MARK YOUR CALENDAR: BCG OFFERS A FREE DAY OF QUALITY GENEALOGY EDUCATION OCTOBER 7, 2016 IN SALT LAKE CITY

For Immediate Release 15 August 2016

MARK YOUR CALENDAR:

BCG OFFERS A FREE DAY OF QUALITY GENEALOGY EDUCATION OCTOBER 7, 2016 IN SALT LAKE CITY

Top genealogists Ann Staley, David McDonald, Elizabeth Shown Mills, Jeanne Larzalere Bloom, Judy Russell, and Pamela Sayer will present six one-hour lectures in Salt Lake City, Friday, October 7, between 9 AM and 5 PM. The lectures are free and open to the public, sponsored by the Board for Certification of Genealogists. The board is an independent certifying body and author of the updated 2014 Genealogy Standards.

Times, topics, and speakers:

  • 9-10 a.m. – “Enough is Enough. Or is it?” Pamela Sayre, CG, CGL
  • 10:15-11:15 a.m. – “FAN + GPS + DNA: The Problem-Solvers Great Trifecta” Elizabeth Shown Mills, CG, CGL
  • 11:30 a.m.-12:30 p.m. – “Black Sheep Ancestors and Their Records” Ann Staley, CG, CGL
  • 12:30-1:30 p.m. – Lunch break
  • 1:30-2:30 p.m. – “Bringing Life to Our Ancestors: Manuscript Collections” Jeanne Larzalere Bloom, CG
  • 2:45-3:45 p.m. – “Document Transcription & Analysis: A Workshop” David McDonald, D.Min., CG
  • 4-5 p.m. – “When Worlds Collide: Resolving Conflicting Evidence” Judy G. Russell, J.D., CG, CGL

“Whether you stop in for one lecture or all six, you will learn more about how to apply good methodology to your own family research,” said President Jeanne Larzalere Bloom, CG. “The Board for Certification of Genealogists strives to foster public confidence in genealogy by promoting an attainable, uniform standard of competence and ethics. Educating all family historians of every level is part of this mission.”

For questions or more information contact office@BCGcertification.org.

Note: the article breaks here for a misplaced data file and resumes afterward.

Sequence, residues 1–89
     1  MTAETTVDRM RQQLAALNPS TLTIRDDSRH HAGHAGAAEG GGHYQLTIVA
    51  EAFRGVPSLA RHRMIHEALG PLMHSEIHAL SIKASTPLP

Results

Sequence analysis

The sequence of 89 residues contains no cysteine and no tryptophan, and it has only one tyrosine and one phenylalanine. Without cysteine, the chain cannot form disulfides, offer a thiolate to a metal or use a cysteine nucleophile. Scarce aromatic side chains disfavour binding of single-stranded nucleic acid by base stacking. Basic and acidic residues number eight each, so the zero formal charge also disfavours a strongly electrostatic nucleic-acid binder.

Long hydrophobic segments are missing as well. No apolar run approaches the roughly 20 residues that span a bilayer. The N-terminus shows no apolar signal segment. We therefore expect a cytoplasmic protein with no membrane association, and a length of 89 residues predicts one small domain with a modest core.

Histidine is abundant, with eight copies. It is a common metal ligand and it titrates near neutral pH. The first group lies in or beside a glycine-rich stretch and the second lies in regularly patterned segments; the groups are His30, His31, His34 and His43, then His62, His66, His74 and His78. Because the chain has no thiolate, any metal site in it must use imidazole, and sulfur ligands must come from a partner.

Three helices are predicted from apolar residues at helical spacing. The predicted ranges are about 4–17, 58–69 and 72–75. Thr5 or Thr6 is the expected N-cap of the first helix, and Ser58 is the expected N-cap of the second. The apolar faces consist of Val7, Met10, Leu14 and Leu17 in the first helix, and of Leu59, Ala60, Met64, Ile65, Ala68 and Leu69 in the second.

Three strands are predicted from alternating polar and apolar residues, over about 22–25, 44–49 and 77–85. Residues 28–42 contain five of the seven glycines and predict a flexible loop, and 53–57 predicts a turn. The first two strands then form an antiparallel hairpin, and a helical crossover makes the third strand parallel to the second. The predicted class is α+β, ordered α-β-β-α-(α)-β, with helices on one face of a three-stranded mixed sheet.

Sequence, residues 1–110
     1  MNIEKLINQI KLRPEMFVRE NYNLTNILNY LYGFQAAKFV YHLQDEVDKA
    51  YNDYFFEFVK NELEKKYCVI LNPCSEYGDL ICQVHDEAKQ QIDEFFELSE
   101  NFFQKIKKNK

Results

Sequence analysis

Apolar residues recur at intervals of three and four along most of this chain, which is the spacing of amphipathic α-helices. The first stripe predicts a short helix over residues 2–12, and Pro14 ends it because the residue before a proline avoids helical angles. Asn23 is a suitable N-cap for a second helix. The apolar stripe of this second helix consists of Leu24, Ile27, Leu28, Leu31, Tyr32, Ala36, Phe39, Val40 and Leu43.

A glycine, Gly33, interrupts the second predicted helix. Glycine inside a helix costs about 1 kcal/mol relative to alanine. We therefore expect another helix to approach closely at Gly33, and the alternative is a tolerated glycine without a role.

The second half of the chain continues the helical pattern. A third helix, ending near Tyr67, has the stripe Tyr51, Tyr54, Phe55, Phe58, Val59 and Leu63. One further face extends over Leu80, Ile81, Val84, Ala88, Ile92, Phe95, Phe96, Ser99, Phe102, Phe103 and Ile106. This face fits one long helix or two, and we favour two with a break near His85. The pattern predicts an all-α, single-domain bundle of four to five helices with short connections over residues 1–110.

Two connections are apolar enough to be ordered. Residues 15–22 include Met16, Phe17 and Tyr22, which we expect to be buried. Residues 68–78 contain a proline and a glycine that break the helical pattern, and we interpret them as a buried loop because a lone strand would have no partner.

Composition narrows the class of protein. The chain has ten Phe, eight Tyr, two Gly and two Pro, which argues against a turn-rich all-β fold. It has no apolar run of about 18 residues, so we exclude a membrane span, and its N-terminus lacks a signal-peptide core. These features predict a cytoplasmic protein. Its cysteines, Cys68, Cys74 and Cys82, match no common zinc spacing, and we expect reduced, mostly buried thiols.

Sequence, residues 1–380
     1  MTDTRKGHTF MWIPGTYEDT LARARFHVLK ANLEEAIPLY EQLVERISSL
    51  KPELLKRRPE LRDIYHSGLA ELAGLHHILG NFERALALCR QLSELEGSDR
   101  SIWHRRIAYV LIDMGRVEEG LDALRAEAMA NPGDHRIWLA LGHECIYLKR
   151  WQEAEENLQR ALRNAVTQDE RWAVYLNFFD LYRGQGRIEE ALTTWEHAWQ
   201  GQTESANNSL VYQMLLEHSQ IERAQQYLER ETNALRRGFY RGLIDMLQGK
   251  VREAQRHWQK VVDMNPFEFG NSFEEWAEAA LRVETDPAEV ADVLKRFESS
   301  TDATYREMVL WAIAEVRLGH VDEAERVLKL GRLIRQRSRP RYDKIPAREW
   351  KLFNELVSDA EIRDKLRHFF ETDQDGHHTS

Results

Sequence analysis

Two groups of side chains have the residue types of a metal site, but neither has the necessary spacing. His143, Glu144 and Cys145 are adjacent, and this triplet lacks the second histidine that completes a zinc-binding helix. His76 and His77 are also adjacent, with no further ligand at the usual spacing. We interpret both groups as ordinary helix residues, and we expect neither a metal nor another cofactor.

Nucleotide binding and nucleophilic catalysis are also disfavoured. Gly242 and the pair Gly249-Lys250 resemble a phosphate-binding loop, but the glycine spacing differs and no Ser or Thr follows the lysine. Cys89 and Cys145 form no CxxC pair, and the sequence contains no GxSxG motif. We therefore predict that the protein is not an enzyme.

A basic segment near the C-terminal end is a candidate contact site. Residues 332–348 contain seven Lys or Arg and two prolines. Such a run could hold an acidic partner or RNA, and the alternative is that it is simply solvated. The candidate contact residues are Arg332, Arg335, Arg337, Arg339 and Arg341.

The words Certified Genealogist are a registered certification mark, and the designations CG and CGL proprietary service marks, of the Board for Certification of Genealogists®, used under license by authorized associates following peer-reviewed competency evaluations.

New records available to search this Findmypast Friday August 12, 2016

Over 440,100 new records are available to search this Findmypast Friday including:

Explore over 201,000 records to find out where your ancestor lived and who they were living with. The records consist of original collector’s books held by the State Records Authority of New South Wales. The 1891 census was conducted on 5th April 1891 and the collectors’ books are the only surviving documents. While they provide less detail than a full census would, they can still be a useful aid to historians and genealogists alike in placing people at a specific moment in time.

Each result will provide you with a transcript and image of the original collector’s books from the 1891 census. Original images may provide you with additional details, such as the number of individuals living in the same household or the number of residents who were Aboriginal or Chinese.

A new browse function has been added to our collection of Staffordshire Parish records allowing you to pour through more than 370,000 full colour images of baptisms, banns, marriages and burials from Staffordshire parish registers. These records date back centuries before civil registration started in England.